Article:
Wednesday, 23 November 2011

Signal Hill

In the early days of European settlement at Shellharbour, before the telegraph, when communication across Shellharbour was greatly restricted and the population widespread, a means of communicating with the outlying settlements was needed.

Dunster’s Hill is the highest hill in Shellharbour and is visible over almost all of the City even to this day. The Dunster family farmed high atop this hill and would keep watch for coastal ships calling at the harbour. When ships did arrive, a huge wicker ball was raised into one of the large fig trees atop the hill.

Settlers in the low lying areas of the Macquarie Valley would  then set off to the harbour with their produce to be taken to the Sydney markets.

The harbour  was the only means of transport of goods to and from Sydney. Early settlers and farmers relied  on the shipping trade to make their living and survive. From as early as 1856 steamers called in at the harbour however the ships were restricted by the tides as the water was not very deep at that time.

Over the years vast improvements were made to the harbour; it was deepened and a jetty added for loading and unloading goods. A storehouse was also built at the end of the jetty to store supplies.

The Boat Store and Wilson's Flour Mill at Shellharbour c.1900
Shellharbour Images Shellharbour City Libraries.


The Ball Tree and Dunster and Fraser children at The Hill c.1923
Shellharbour Images Shellharbour City Libraries.

The Lady Gatekeeper

The Stanford Family arrived at Oak Flats in 1919, taking up residence at the Oak Flats railway crossing gatehouse.  William had been a fettler on the railway since 1913, and Janet took up the role of  gatekeeper of the crossing, a position she held until 1931.

Janet (nee Reid) was born at Joadja on 28 August 1879. The Reid family later moved to Berrima where they lived for many years before Janet left home to work as a  dressmaker in the Helensburgh area. She married William Stanford in 1911 and had two children, William and Dorothy.

Gatekeeper was a 24 hour a day job for Janet; opening and closing the railway gates whenever a vehicle wished to cross the railway line – day or night.  William and Janet's son, Bill, remembered living in the gatehouse as a boy, and the windows positioned so that trains coming along the line in either direction could be seen.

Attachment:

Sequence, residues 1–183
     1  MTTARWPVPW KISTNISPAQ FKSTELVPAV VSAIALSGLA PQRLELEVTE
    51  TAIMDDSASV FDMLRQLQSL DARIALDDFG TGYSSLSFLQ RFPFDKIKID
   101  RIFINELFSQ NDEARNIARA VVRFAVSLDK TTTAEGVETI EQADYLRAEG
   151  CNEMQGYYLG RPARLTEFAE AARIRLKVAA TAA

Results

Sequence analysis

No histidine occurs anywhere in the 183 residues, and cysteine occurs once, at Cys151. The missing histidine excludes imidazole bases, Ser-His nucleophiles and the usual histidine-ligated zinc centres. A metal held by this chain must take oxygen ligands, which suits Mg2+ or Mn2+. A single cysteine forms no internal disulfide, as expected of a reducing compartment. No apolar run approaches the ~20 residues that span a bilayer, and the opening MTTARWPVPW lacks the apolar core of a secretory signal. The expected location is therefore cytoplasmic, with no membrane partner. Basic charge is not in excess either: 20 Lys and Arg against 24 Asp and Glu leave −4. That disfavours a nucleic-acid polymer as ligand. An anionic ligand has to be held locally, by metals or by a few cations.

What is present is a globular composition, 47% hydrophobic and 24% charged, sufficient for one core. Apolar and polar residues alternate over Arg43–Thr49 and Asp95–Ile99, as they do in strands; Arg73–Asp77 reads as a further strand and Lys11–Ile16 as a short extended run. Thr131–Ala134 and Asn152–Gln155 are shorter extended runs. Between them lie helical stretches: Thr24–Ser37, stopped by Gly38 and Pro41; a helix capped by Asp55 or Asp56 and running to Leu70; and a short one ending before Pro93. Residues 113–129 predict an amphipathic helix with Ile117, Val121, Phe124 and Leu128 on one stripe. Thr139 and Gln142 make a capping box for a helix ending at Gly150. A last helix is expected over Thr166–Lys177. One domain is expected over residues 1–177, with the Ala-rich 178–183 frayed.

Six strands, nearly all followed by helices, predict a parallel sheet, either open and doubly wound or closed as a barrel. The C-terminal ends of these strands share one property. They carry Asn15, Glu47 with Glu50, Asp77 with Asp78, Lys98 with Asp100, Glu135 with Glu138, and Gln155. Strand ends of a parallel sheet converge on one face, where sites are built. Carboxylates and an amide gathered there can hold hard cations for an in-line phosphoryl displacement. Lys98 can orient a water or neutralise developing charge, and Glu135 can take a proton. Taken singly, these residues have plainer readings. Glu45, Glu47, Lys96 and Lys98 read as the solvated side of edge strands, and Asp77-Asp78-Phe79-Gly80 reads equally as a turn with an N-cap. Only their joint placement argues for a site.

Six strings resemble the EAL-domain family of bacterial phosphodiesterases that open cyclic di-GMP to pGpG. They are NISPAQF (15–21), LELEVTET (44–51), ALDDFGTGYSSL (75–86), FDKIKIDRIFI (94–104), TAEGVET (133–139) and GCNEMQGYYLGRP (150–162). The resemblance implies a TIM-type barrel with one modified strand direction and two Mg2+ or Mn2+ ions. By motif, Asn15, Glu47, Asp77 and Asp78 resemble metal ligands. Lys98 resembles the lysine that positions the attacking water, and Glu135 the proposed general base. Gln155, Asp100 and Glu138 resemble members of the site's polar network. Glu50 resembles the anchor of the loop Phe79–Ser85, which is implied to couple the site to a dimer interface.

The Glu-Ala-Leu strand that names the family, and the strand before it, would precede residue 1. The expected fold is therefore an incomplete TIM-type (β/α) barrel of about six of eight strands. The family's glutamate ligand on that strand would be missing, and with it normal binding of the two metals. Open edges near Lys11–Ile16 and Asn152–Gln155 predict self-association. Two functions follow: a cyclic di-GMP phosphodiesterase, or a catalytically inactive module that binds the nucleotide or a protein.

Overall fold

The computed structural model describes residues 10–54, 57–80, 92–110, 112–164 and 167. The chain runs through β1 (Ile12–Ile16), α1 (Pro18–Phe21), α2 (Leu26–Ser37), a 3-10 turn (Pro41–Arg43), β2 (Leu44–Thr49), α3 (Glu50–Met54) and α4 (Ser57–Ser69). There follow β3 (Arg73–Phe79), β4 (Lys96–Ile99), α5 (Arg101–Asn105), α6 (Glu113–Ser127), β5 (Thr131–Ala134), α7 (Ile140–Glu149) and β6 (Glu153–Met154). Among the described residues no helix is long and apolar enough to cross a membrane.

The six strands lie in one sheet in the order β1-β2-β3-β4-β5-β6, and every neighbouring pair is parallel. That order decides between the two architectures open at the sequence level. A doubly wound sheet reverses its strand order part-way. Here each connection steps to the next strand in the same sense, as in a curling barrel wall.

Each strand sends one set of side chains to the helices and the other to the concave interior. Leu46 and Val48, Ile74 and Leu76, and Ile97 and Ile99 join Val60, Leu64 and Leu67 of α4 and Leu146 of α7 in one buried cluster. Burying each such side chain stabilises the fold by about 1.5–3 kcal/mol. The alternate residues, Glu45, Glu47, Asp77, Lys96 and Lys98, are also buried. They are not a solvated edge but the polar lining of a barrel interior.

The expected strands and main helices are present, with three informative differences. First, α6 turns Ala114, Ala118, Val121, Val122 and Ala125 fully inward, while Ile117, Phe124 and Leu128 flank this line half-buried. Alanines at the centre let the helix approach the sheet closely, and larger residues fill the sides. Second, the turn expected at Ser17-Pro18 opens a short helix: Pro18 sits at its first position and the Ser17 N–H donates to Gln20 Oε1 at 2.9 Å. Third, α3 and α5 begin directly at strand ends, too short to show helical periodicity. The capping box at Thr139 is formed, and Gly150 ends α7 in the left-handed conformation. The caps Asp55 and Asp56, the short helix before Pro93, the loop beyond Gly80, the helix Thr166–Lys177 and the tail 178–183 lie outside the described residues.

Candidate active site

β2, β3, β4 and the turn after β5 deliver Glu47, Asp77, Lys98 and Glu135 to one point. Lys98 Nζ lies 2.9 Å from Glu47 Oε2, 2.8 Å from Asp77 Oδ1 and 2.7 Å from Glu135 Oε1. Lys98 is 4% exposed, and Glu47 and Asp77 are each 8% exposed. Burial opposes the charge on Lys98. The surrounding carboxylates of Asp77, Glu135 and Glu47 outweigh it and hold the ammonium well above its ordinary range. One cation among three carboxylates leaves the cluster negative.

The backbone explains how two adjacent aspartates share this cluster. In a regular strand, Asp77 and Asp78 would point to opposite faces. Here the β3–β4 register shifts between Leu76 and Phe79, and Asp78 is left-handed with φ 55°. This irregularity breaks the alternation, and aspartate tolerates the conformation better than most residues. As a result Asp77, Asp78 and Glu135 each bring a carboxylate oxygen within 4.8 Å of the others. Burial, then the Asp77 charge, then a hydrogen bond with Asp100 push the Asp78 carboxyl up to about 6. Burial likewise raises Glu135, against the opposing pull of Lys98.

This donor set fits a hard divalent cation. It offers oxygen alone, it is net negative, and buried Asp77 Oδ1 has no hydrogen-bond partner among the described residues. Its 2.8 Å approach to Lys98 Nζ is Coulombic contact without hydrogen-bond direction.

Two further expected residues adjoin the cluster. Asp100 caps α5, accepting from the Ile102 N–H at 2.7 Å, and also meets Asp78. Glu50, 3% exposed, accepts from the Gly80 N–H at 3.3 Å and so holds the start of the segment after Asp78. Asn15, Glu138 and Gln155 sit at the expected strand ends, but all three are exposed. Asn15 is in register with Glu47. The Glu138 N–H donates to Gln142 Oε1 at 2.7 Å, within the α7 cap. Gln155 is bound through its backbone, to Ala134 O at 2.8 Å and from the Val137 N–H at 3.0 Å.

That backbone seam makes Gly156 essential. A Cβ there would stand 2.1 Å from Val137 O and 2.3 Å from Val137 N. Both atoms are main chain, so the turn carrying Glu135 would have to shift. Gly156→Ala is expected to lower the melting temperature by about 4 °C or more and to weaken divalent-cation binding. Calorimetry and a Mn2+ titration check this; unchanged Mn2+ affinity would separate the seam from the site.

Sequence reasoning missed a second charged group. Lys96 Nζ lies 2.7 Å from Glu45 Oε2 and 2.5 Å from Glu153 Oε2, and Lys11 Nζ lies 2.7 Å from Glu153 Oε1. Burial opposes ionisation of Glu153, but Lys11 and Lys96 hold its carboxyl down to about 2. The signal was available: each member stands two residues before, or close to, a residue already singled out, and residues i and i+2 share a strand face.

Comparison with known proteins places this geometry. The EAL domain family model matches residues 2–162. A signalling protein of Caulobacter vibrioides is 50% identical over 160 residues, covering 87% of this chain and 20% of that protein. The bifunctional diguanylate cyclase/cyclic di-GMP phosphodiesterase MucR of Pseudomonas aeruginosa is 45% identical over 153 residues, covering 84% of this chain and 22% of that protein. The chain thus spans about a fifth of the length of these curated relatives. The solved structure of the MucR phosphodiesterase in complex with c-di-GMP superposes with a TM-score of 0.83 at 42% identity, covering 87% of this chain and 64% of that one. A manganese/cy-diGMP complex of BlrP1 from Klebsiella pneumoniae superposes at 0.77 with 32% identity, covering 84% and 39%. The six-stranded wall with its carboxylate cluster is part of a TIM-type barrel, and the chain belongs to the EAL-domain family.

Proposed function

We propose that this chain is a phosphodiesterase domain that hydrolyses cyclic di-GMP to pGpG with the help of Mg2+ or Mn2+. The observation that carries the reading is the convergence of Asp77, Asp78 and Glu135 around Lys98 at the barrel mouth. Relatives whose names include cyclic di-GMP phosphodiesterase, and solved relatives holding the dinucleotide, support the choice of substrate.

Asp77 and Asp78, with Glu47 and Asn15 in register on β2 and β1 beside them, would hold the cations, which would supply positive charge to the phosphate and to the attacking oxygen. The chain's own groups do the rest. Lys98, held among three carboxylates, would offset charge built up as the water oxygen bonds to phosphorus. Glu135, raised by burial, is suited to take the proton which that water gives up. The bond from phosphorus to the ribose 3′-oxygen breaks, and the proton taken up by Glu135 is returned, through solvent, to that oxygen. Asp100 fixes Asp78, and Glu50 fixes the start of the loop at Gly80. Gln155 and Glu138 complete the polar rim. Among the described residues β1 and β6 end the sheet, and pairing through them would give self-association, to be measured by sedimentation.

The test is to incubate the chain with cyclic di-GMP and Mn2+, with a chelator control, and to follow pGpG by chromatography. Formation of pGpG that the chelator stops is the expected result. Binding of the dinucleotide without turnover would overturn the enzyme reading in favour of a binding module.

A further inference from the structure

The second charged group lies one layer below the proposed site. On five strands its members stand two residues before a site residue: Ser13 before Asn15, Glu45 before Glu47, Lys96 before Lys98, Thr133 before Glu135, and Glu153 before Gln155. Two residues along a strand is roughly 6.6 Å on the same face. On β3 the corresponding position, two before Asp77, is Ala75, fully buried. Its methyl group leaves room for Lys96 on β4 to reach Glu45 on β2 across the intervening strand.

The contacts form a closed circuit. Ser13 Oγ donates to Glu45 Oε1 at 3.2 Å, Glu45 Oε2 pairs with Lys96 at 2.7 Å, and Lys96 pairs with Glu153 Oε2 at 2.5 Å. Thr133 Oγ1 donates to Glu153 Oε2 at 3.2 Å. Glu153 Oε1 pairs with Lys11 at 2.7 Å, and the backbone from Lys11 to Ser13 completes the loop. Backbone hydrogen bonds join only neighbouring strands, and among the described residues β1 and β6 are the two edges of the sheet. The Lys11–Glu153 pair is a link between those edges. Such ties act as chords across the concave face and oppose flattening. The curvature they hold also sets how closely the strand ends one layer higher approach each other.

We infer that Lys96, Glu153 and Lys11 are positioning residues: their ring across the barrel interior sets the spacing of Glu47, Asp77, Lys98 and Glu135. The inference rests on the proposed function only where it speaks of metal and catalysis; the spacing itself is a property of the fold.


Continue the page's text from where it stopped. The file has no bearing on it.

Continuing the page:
Not to be daunted by hard work, Janet also operated a grocery store from a cottage the family moved to a short distance away from the gatehouse. The Stanford’s later moved to Central Avenue, Oak Flats, where Janet operated a store and a Post Office for many years. Janet arranged the first church service in Oak Flats at a small hall in Central Avenue, where she played  hymns on her pedal organ, brought from the Stanford home by her son Bill to the services.
   
Janet died in 1974 at the age of 94. William died in 1959.

When the new Oak Flats Railway Station was officially opened, Shellharbour City Council called for submissions for naming of an entrance road to the station.  The Tongarra Heritage Society submitted that the road to be called Janet Stanford Drive. The road was named Stanford Drive, in memory of the Lady Gate Keeper and the Stanford family of Oak Flats.


Janet and William Stanford at their Kingston Street home, Oak Flats c.1920
Shellharbour Images Shellharbour City Libraries.


The Railway Gatehouse at Oak Flats c.1920
Shellharbour Images Shellharbour City Libraries.